Financial aid is determined by many factors (FAFSA, dependency status, income, merit, institutional awards, etc.). Some of these you can influence, others you cannot. I've had students whose financial aid awards changed dramatically from one year to the next due to their income, change in dependency status, or a new institutional award was made available that they happened to qualify for.
Speak to your financial aid office and make sure you have reviewed all aid that you can qualify for. Also, don't forget to check out scholarship websites such as Scholarships.com, Fastweb.com and Chegg.com/scholarships. Don't forget to inquire about federal work study.
Taj recommends the following next steps:
I understand that everything is a matter of time.
First, we need to know the following: "The Free Federal Student Aid Application (FAFSA) bases the expected family contribution (EFC) on income and tax data from the previous year, also known as the base year".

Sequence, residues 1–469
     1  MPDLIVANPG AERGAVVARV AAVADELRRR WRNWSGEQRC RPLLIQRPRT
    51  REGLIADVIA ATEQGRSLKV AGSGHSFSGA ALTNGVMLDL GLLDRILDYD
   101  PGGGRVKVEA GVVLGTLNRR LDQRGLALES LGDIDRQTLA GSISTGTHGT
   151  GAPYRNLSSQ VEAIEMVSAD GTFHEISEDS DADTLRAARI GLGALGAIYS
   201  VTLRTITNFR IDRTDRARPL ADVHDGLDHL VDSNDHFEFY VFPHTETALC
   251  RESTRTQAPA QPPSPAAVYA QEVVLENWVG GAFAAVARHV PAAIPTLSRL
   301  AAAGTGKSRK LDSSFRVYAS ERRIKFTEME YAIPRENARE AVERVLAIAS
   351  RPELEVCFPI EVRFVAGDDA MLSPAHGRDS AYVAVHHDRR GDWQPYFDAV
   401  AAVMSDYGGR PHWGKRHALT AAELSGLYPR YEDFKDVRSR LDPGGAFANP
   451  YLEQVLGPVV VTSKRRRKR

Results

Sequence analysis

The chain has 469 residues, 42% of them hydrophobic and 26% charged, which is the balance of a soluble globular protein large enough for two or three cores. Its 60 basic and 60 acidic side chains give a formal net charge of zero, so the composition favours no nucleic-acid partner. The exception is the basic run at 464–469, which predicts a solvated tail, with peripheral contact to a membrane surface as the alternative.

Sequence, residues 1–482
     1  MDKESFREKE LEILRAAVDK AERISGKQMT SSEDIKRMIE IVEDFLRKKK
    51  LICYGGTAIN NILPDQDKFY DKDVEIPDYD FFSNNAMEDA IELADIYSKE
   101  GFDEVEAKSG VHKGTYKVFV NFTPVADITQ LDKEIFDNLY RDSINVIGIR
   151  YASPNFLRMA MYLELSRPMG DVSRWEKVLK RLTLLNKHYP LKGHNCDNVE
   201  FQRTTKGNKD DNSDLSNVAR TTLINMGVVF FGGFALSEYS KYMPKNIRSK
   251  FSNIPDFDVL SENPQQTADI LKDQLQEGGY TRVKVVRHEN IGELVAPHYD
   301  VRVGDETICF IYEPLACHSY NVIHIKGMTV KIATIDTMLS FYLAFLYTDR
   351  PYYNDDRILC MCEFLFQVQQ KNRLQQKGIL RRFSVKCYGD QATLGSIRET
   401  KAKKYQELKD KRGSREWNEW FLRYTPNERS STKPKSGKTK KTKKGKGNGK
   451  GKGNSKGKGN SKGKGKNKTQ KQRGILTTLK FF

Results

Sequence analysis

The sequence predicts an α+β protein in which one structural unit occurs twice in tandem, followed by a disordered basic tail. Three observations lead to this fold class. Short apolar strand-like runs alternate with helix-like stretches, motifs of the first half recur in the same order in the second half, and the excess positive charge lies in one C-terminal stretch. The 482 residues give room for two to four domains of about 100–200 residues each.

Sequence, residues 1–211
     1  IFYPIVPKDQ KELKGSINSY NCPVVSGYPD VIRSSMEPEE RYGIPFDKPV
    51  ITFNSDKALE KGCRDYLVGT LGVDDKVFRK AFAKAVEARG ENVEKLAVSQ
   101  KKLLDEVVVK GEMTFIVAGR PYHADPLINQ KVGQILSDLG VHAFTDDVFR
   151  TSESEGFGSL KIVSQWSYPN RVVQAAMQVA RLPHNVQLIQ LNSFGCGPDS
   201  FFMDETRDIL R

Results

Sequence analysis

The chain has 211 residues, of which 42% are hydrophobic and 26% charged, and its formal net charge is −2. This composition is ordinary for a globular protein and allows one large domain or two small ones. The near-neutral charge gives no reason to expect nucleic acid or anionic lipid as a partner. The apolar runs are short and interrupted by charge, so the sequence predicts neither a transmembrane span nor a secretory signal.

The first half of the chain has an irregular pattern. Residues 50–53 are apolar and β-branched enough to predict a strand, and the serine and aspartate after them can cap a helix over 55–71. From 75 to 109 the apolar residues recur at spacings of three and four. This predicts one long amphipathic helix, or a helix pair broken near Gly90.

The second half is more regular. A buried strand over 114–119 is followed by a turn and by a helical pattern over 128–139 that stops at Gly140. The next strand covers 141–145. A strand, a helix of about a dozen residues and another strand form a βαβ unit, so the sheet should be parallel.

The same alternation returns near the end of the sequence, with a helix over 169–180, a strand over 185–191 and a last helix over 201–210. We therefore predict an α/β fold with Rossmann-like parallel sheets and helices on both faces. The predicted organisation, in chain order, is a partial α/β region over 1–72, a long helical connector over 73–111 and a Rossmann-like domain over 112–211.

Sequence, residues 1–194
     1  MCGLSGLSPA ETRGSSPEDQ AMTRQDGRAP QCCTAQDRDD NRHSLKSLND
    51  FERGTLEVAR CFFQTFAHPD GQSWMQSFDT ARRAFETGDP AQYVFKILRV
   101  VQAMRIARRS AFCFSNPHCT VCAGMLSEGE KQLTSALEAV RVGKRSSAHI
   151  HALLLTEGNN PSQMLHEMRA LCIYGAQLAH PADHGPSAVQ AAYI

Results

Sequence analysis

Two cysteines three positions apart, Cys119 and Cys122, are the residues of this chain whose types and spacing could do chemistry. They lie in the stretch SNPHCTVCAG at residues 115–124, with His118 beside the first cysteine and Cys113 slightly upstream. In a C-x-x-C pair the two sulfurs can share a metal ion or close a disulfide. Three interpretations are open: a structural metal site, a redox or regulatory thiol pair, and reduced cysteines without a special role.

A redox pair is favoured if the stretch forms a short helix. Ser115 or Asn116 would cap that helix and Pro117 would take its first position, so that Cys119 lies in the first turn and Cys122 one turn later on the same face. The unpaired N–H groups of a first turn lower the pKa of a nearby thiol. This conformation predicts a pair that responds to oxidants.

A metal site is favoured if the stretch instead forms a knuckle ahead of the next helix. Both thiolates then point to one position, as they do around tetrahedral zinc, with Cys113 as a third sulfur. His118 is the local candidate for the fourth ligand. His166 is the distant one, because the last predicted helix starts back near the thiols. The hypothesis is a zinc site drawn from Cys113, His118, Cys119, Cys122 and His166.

When filling out the application we must take into account that some credits cannot be contratados, as in an ordinary year.
Let me explain it better for you: if you need to sell assets, like stocks, to defray college expenses, avoid doing it in the short term, that is, in the base year that precedes the completion of the form. This is a kind of strategy for legally reducing household income.
On the other hand, if the family has to pay debts to reduce its reportable assets, this must be done before completing the FAFSA.
The most important thing is not to miss the deadline.